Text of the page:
Tiny Pretty Things by Sona Charaipotra & Dhonielle Clayton. To be fair, I only gave this book a few chapters before giving up, so it might get better? I’m just not interested enough to care, though.    


Review: If You Only Knew by Kristan Higgins

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Synopsis from Good Reads:

Wedding-dress designer Jenny Tate understands the happily-ever-after business, yet somehow she’s still involved in her ex-husband’s life. In fact, Owen’s new wife may—inexplicably—be Jenny’s new best friend. Sensing this, well, relationship isn’t helping her move on, Jenny trades the Manhattan skyline for her hometown up the Hudson, where she’ll be able to bask in her sister Rachel’s picture-perfect family life…and hopefully make one of her own.

Her timing couldn’t be more perfect, since Rachel will need her younger sister. Her idyllic marriage has just fallen to pieces in spectacular fashion after she discovers her husband sexting with one of his colleagues. Second chances aren’t in Rachel’s nature, but the desire for an intact family has her rethinking her stance on adultery, much to Jenny’s surprise. Rachel points to their parents’ “perfect” marriage as a shining example, but to protect her sister Jenny may have to tarnish that memory—and their relationship­—and reveal a secret about their family she’s been keeping since childhood.

During this summer of secrets and lies, temptation and revelation, Jenny and Rachel will rely on each other to find the humor in their personal catastrophes, the joy in their triumphs…and the strength to keep hanging on.


If You Only Knew is a bit of a departure from Higgins other books. This book focuses on two sisters – in which we get multiple 1st Person POV – instead of two romantic leads. There’s still some zany family members and funny moments, but it’s overall more…mature. That’s not at all to say that her other books are immature because they’re not. They’re light and fun and I adore them. But this one is just much more serious and her main characters may be a little more realistic.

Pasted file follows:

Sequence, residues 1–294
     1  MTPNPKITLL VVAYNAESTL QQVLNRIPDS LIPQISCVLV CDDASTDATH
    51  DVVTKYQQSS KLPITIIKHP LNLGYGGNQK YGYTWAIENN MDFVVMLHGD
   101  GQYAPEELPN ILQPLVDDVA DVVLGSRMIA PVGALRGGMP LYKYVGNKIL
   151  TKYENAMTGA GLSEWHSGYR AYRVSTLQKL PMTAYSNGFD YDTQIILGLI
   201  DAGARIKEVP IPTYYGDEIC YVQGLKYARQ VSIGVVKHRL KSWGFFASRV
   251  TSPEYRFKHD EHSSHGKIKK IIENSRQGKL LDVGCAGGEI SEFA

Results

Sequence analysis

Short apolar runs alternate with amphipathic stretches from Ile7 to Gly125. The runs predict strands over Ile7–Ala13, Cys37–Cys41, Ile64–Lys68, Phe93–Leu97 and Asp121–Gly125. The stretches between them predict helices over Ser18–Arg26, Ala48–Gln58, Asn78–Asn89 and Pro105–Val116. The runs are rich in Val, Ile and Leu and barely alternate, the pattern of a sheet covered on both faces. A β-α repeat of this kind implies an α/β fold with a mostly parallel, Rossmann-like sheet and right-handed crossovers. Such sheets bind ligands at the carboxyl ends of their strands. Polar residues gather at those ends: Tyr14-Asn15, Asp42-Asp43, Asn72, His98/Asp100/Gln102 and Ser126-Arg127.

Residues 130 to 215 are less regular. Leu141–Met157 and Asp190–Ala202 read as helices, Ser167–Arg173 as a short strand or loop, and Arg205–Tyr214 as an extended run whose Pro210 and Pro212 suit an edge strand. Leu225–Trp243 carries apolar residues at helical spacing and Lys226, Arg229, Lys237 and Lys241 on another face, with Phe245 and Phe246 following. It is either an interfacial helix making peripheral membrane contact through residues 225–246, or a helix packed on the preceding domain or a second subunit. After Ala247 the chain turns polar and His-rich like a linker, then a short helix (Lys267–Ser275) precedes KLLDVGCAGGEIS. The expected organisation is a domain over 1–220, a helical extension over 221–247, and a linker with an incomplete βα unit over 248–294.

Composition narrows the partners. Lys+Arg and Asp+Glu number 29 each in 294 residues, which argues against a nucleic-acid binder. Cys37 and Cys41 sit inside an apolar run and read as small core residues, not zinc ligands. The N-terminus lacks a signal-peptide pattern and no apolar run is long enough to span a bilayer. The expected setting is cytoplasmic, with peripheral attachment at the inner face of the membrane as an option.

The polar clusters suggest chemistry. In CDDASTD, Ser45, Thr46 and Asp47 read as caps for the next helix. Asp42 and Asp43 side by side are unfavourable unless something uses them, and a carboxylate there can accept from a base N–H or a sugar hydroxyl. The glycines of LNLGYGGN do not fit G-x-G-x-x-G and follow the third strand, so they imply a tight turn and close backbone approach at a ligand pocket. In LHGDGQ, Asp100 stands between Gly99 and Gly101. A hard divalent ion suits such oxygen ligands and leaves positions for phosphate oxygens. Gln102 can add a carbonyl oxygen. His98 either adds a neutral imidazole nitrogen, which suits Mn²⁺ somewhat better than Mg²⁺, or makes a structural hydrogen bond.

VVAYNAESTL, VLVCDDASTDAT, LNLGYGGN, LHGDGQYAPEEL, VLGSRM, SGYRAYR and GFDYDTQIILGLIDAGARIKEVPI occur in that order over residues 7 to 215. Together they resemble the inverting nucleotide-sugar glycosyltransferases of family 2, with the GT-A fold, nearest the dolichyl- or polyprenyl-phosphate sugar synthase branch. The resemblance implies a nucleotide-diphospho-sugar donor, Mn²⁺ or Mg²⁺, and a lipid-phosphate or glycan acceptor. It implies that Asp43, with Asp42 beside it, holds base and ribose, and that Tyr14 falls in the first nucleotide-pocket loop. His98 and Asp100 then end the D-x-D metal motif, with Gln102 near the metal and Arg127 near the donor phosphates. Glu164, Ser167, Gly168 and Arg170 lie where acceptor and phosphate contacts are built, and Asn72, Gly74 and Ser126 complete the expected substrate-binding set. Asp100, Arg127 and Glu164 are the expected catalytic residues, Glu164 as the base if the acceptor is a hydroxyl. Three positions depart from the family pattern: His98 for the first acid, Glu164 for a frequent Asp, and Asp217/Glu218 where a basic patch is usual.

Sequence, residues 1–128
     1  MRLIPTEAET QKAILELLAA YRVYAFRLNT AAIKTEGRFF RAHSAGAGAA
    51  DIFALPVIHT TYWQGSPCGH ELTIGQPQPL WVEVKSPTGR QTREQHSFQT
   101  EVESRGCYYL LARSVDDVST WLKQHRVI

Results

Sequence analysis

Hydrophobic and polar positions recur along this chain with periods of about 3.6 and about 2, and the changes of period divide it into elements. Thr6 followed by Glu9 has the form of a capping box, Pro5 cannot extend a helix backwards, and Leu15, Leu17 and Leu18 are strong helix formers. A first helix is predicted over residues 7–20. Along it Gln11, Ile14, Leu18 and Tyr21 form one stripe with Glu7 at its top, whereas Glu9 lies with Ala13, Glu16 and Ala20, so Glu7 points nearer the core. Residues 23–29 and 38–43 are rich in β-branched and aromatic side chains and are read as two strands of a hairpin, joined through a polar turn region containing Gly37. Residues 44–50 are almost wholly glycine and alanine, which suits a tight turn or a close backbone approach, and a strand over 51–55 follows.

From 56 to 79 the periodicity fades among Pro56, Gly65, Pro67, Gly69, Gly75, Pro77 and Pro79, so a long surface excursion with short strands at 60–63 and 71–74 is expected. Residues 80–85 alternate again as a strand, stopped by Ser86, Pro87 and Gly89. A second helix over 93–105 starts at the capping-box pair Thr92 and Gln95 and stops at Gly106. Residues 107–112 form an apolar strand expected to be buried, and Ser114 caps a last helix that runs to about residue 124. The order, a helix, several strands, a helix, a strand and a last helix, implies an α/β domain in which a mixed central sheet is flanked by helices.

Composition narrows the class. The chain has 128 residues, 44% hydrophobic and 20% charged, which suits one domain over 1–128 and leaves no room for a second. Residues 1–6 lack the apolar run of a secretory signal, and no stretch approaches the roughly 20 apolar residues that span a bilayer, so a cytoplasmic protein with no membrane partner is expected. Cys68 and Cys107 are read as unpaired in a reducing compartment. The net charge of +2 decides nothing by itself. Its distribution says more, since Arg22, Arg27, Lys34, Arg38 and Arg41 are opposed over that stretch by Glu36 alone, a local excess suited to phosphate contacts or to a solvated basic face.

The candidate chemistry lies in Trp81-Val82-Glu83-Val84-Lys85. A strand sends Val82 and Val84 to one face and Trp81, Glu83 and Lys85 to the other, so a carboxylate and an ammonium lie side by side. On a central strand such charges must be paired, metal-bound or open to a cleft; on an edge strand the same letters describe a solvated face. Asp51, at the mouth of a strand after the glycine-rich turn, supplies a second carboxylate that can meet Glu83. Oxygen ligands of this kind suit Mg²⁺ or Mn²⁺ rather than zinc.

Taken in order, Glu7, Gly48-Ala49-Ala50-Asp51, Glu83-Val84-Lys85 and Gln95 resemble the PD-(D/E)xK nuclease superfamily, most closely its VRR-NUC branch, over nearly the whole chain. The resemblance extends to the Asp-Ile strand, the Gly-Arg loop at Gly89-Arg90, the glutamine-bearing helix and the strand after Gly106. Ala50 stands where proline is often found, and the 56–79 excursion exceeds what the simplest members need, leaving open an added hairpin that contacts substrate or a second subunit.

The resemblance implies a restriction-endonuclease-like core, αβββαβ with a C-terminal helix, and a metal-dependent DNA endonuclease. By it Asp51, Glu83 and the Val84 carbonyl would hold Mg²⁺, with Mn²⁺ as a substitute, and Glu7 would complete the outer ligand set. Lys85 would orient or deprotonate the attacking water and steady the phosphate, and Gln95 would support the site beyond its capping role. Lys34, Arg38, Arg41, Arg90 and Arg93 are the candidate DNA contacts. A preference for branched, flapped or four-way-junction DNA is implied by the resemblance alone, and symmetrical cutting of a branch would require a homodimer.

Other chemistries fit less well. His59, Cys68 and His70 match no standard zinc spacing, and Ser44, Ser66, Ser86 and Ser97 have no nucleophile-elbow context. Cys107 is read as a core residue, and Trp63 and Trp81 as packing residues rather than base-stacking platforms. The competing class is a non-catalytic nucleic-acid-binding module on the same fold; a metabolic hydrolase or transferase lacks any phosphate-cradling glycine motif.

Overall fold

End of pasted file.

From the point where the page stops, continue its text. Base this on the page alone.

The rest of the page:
Jenny is a wedding dress designer who is moving back to her hometown from Manhattan. She’s had a divorce that devastated her, but she’s still friends with her ex-husband. In fact, the book opens up with her at her ex-husband’s new wife’s baby shower. Her relationship with Owen and Ana-Sophia (the ex and his wife) was frustrating. Jenny tried very hard to appear that she was totally fine with everything and because they’re such nice people, she couldn’t really despise them like she thinks she should.

Rachel is Jenny’s sister and is a stay-at-home mom, mother to three-year-old triplets. (Yikes.) She loves her life, though, and her husband and her kids. Her world is rocked, though, when she finds out her husband, Adam, is cheating on her. Throughout the book Rachel’s and Adam’s relationship goes from one extreme to another. They try counseling and make baby steps towards healing, but it seems every time Rachel gets a little closer to moving on from it, Adam lies again. I was soooooo frustrated by Rachel throughout all of this. I know it’s much easier to say from outside the situation, but she really needed to end things. She just kept denying it and then going back to him time and time again. I think she was right to try counseling first. She wanted things to get better. But after the 2nd lie – or even the 3rd – I think it should have just been done.

Jenny isn’t doing a whole lot better with her new romance. She’s developed a relationship with the super at her new apartment, Leo. Leo is not the typical romantic hero from Higgins’ books. He’s withdrawn, often surly, appears to be a bit of a slacker. But I loved his sense of humor and the banter between him and Jenny. That was probably my favorite part of the book. Despite the fact that he obviously has feelings for Jenny, he’s very firmly stated that he’s “only for recreation” and does not want a relationship. Even though Jenny does want a relationship, she agrees to go along with it, thinking he’ll change his mind. You can guess how that goes.

The heart of the story is really Jenny and Rachel coming to terms with who they are and how to handle the new events of their lives. They both grow backbones and confront the people who are treating them poorly. While I enjoyed both storylines, I have to say that I enjoyed Jenny’s a little bit more. I found her slightly more likable and I was just so frustrated with Rachel pretty much all the time. The times she really shined, though, was when she was with her triplet daughters, which also provided some great humor.